Pending Home Sales Index Falls Despite Lower Mortgage Rates

Mark Lieberman

Managing Director and Senior Economist

Highlights:

  • National Association of Realtors’ May Pending Home Sales Index (PHSI) FELL 2.5 percent in July to 105.6;
  • Year-year the index FELL 0.5 percent.

Trends:

  • Following one-month respite, the PHSI fell year-year for the 18th time in the last 19 months’;
  • The Index for July essentially gave back virtually the entire June gain

Data Source: National Association of Realtors (NAR)

Image result for pending home sales

Despite – or perhaps because of – continuing low mortgage rates, the National Association of Realtors’ Pending Home Sales Index fell in July essentially back to where it was in May.

The decline was reported as Freddie Mac said the average rate for a 30-year fixed-rate mortgage rose ever so slightly to 3.58 percent from 3.55 percent one week earlier.

The dip in pending existing home sales mirrored the decline in new home sales (contracts) as reported last week by the Census Bureau and Department of Housing and Urban Development.

According to the Census-HUD data, new home sales plunged 12.8 percent in July as the median price of a new home rose 2.2 percent or $6,800 to $312,800.

The lower mortgage rates have given home-sellers a bit of leeway to raise the asking price of an existing home, A year ago, the average rate on a 30-year fixed-rate mortgage was 4.52 percent.

Sales of existing single-family homes have struggled this year although the sales pace (closings) improved in July. For the first seven months this year, the annualized sales pace averaged 5,271,000, down 3.2 percent from 5,443,000 a year ago. The median price of an existing home rose 4.3 percent in the last year to $280,800.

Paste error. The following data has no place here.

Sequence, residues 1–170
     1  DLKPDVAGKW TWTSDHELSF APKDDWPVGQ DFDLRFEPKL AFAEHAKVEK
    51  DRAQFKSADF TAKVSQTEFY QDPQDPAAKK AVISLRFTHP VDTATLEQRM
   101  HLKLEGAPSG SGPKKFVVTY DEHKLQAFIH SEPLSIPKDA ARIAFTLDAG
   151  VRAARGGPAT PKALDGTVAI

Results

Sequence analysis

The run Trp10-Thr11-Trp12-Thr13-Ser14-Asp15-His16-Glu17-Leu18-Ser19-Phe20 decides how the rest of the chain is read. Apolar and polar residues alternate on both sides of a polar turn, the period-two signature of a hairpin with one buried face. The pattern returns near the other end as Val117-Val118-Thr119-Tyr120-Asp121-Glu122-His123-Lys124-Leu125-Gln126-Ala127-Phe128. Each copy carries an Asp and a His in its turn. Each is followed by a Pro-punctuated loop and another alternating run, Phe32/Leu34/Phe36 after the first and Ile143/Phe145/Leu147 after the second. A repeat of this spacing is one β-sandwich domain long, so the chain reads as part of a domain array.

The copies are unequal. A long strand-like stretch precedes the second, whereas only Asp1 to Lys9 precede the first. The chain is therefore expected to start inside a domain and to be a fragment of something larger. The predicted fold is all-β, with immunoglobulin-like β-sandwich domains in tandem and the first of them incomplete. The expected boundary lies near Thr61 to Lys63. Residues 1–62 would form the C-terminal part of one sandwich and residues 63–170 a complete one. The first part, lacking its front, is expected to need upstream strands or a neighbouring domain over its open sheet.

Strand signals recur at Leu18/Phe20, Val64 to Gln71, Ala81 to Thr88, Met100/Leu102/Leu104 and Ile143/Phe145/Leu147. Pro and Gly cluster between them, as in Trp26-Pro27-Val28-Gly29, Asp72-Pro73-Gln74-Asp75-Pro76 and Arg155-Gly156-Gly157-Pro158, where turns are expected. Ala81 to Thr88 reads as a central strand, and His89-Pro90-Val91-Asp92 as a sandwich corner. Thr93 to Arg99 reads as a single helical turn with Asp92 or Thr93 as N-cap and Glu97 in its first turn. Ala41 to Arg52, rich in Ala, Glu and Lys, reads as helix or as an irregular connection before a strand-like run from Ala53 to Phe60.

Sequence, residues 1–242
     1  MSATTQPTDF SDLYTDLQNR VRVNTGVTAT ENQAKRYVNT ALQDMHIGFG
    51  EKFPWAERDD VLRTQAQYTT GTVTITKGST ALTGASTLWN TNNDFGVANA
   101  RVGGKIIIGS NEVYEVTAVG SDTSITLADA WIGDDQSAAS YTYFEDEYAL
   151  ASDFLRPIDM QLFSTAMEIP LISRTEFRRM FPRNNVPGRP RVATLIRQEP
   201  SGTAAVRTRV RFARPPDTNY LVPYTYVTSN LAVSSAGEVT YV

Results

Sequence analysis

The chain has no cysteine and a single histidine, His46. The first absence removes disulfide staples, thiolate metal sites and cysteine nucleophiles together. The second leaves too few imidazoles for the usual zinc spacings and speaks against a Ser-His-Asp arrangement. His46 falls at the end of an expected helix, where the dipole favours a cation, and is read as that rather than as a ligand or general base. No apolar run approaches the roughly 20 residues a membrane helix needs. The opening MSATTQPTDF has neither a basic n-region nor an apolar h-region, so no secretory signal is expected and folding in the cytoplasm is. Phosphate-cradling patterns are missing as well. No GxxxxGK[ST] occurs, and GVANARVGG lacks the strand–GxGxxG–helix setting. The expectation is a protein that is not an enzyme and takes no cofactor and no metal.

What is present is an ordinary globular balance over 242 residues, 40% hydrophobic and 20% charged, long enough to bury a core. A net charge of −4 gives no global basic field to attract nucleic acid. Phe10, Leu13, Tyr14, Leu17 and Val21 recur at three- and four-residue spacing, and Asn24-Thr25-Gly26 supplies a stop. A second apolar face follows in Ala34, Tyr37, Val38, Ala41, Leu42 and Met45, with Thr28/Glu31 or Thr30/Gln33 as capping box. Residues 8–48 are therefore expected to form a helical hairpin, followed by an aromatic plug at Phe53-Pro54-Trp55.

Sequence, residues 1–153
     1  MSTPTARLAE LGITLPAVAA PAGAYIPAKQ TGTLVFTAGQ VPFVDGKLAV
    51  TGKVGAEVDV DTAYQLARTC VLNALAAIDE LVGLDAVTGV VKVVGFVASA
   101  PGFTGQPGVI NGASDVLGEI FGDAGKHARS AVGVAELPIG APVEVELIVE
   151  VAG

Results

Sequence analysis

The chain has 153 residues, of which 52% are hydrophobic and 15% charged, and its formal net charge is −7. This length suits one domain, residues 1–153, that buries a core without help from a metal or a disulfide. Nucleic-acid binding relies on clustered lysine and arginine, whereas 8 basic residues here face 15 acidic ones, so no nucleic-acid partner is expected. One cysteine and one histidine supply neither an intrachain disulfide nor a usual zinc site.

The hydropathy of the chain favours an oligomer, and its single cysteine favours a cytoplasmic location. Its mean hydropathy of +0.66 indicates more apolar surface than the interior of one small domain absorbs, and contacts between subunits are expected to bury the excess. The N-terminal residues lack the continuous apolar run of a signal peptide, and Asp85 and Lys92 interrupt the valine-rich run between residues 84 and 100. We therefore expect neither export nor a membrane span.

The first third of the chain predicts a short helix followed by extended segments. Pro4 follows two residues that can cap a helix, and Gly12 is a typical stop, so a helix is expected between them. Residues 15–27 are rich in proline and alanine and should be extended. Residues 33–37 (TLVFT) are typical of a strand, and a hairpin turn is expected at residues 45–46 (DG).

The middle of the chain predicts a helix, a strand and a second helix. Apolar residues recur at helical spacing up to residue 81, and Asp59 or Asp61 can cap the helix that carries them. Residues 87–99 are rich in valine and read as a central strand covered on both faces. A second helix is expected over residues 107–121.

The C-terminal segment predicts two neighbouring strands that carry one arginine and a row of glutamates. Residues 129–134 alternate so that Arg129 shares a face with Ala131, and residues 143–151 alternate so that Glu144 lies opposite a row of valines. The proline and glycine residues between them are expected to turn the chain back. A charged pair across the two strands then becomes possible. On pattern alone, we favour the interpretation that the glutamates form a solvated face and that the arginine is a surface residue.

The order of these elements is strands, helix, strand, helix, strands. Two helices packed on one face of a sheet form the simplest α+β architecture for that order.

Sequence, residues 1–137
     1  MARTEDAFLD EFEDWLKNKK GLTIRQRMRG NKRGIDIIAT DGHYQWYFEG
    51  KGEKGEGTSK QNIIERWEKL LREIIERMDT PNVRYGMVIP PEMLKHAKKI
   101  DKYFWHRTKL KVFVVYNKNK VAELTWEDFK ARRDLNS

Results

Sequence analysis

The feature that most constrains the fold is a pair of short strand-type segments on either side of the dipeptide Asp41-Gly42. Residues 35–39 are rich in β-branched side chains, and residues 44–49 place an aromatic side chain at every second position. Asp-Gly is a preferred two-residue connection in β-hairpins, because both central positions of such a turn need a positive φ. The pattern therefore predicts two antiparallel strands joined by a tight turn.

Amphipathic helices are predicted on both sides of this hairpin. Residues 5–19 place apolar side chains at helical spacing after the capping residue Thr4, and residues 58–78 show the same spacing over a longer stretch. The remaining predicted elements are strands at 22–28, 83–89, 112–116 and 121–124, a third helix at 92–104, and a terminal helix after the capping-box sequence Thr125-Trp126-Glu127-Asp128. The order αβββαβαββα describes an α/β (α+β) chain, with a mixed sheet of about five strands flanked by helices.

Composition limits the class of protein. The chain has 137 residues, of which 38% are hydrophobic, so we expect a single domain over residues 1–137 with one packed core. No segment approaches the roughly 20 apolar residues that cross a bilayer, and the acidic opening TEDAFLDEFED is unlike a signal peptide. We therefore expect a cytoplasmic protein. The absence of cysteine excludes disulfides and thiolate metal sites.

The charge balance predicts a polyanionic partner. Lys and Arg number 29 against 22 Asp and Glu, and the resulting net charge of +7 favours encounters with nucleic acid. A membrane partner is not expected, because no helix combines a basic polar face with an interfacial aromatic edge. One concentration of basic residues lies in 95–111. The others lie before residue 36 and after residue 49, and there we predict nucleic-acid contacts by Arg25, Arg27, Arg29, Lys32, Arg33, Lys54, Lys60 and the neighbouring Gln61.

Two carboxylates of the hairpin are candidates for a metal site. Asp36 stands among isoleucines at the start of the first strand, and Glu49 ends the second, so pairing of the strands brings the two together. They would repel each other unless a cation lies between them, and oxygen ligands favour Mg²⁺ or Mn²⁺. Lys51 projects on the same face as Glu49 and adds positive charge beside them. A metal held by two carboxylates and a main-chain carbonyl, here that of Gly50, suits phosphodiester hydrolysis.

Earlier this week, according to the Standard & Poor’s Case Shiller-CoreLogic Home Price Index, home prices rose 0.58 percent in June (the most recent survey month) and were up 3.1 percent year over year. According to both measures, however the rate of increase in home prices in slowing.

The housing market has shown weakness for the second straight year against slow rising earnings according to the Bureau of Labor Statistics. At the same time, a separate Census-HUD report continues to show a slowdown in construction of new single-family homes which multi-family construction has increased.

The weaker home sales market has had broader implications. In addition to a slowdown at related retail stores, the sales slump affected seniors who were counting on proceeds from the sale of their homes to fund retirement.

Hear Mark Lieberman every Friday at 6:20 am on POTUS Morning Briefing, Sirius-XM 124. You can follow Mark Lieberman on Twitter at @foxeconomics.

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